How to Ace Your Upcoming Category Review07.17.18 / Diana Fryc
Your category review with your biggest retail partner is three months away. Panicking, much?
Of course, you and your marketing team knew about this essential meeting for a year or more. You’ve been pulling the numbers, eyeballing the shelf landscape, tracking key performance indicators, obsessing over your competition, and getting ready to field tough questions from the category manager.
Maybe you’ve realized the picture isn’t as pretty as you’d hoped. Velocity’s inconsistent or down overall. A competitor is scoring premium shelf space you once owned. Other brands’ packages tout new flavors/ingredients/formulations in response to consumers’ latest likes.
Maybe you think: We need a rebrand.
And here you are, the category review a mere three months out. As we said, panicking, much?
Here’s the thing: Rebranding as most leaders define it (a spiffy new logo and new packaging template) is not the answer, not right now. Graphic design will not save a flawed business strategy.
So many brand owners have come to us in this position. Typically they’ve tried to tackle the project internally, thrown some dollars and creative staff at it … and run out of time, energy, or both.
These in-a-crunch brand managers don’t understand the rigor that’s required to develop a brand strategy, and they make assumptions about timing and pricing. And they don’t realize until they speak with strategists like us that their need isn’t as simple as a redesign.
You’re short on time. But you need to have something to present to the category manager. Here are four ways to approach your situation:
- Don’t panic. You don’t need to execute a rebrand in three months in order to turn the ship around. In fact, trying to pull this off without doing the strategic work it requires will only set you back. We’ve seen brands do a quick “rebrand” (a.k.a. redesign) to meet the category review date and fail because that shiny new logo did nothing to improve sales. Then, of course, they do the actual strategic work and end up redesigning the redesign. They wind up doing the work twice and losing 18 months in the process.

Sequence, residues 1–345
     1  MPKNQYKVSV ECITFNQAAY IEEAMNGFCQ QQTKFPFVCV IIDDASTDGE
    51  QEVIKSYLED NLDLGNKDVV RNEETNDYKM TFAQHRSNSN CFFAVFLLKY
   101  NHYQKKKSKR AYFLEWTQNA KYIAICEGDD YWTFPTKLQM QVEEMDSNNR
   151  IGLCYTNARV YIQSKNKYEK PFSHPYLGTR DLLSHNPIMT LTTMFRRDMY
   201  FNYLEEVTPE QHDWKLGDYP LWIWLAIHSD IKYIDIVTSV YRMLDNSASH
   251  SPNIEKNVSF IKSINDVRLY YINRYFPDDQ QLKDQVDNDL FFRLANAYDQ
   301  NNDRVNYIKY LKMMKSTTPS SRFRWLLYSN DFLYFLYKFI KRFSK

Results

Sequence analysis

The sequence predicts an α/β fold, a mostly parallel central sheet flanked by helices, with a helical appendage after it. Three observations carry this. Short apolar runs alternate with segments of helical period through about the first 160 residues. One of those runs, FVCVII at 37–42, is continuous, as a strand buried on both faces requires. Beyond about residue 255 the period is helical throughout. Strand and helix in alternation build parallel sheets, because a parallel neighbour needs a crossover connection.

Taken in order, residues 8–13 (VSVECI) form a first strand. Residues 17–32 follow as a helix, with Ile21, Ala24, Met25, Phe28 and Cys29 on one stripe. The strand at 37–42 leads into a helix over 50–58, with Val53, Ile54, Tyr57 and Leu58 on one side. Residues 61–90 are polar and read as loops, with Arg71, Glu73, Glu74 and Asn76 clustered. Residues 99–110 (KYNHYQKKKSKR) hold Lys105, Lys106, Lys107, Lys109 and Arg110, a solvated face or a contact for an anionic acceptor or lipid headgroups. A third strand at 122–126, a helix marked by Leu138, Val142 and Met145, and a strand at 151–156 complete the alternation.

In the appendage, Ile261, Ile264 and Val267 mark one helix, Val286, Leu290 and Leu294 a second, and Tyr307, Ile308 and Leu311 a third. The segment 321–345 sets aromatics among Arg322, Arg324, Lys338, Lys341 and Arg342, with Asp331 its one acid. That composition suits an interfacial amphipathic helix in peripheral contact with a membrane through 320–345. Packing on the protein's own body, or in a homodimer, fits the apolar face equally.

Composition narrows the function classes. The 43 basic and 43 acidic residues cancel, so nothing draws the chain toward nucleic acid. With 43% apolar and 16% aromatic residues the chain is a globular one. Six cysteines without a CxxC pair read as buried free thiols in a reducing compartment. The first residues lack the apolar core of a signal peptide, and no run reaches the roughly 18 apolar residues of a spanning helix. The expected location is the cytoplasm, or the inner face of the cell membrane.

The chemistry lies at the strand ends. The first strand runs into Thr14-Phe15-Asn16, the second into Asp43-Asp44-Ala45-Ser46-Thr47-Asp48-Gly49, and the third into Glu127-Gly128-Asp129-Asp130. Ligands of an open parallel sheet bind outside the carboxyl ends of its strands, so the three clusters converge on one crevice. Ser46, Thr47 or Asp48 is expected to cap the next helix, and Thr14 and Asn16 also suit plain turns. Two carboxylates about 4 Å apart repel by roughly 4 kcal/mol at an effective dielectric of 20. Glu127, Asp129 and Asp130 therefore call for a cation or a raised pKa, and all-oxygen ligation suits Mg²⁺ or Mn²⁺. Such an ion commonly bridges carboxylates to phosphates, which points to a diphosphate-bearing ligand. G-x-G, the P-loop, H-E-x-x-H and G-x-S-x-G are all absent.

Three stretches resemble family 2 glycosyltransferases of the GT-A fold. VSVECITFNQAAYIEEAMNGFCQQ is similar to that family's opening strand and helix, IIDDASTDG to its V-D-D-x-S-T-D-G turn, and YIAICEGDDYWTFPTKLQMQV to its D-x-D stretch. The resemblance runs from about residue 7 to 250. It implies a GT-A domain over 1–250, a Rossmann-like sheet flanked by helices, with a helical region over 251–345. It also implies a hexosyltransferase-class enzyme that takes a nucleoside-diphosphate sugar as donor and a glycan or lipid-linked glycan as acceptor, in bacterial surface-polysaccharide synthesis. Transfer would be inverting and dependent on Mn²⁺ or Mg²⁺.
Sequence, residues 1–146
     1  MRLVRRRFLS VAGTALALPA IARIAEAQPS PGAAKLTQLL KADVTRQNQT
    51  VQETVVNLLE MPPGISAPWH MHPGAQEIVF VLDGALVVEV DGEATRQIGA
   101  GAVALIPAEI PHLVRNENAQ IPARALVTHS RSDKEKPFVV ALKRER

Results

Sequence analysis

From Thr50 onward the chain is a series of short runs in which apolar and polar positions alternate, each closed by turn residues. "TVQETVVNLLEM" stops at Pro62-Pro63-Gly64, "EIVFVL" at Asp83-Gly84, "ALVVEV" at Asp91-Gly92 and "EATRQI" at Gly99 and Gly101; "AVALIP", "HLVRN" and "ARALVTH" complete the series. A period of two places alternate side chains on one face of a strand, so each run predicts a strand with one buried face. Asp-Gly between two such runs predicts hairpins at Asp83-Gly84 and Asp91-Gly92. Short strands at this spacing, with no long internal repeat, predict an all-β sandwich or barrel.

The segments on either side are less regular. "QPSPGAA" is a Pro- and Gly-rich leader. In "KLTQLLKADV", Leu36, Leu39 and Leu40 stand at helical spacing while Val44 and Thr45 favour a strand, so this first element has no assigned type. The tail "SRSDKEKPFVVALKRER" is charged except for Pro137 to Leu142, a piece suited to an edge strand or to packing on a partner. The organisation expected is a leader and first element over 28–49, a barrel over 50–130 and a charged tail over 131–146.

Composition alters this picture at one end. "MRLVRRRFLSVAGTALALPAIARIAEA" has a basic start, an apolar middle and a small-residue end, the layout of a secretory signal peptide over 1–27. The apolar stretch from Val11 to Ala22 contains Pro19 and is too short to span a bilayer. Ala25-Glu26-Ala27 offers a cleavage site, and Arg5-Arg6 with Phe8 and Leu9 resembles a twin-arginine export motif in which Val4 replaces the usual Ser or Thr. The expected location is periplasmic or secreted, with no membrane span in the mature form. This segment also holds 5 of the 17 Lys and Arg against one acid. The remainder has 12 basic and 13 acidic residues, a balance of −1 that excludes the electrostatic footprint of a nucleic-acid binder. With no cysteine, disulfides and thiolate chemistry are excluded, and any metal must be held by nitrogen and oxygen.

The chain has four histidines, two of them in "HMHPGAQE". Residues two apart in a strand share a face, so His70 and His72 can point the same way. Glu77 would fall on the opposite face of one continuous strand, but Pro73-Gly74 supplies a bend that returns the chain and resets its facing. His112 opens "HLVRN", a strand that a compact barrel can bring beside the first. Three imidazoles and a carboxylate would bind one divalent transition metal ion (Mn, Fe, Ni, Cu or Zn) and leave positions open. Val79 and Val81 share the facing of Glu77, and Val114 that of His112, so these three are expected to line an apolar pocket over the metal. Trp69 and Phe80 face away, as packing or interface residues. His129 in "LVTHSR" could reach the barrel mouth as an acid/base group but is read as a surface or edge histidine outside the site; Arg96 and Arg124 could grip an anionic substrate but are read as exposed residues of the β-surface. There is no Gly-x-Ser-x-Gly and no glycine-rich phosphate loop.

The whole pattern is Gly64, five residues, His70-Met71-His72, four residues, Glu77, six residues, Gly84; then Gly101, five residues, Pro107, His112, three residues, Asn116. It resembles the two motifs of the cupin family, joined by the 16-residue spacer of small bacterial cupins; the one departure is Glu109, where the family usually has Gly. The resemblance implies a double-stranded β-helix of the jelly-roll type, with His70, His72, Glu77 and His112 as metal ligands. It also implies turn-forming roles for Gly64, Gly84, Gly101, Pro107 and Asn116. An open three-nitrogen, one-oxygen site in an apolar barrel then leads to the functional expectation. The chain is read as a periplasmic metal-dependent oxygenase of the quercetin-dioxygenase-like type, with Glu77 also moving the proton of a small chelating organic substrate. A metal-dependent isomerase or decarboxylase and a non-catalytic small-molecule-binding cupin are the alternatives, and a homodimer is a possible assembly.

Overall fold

- Decide on your end goal for the project. New design? New channels? And why? If you’re jonesing for a new logo and identity design to get into the NEXTY Awards, fine. But that’s not a rebrand, and certainly not a strategy. Never redesign for the sake of redesign. Do it to address changing market conditions or to reach new audiences.
- “No seriously, we’re dying. We need a rebrand and we don’t have the time or money to do it the right way.” That’s a tough position to be in. (See “Don’t panic,” above.) There are small things you can do that don’t require external experts and can buy you time until you can do this properly. Take an aggressive high/low strategy, play the margin game, get rid of poor performing retailers (be realistic), “demonize” your competition, focus on one or two target audiences in a couple of key markets, and put all your trial/social efforts into getting samples in their hands. While all this is going on, be on the search for investors who understand the value of brand strategy and partners who can help you do it right.
- “No seriously, we need to rebrand, and we don’t have the time — but we do have the money.” Here’s where it gets dangerous. A rebrand may be exactly what the doctor ordered, but you need time to do it properly. (Again, see No. 1 above.) Better to go to your category review with information about your upcoming rebrand than to try to cram the work into a too-short timeline. We’ve seen this done well in our practice, and we recommended this approach ourselves.
In the retail world, buyers and category managers are facing massive pressure for sales performance — and that pressure is moving downstream to brands and suppliers. Retailers are looking for brands that match their own values, and buyers are looking for suppliers who can truly partner with them to move product. They want you to succeed so they’ll succeed.
And your success depends on strategy. Yes, you need to make changes. Yes, design will be one of the outcomes. But rebranding— the right way, the strategic way — takes time. Create a plan to address your retail partner’s issues, try some interim tactics (see No. 3 above), get through the meeting. When you come up for air, let’s talk. We’ll be waiting right here for you …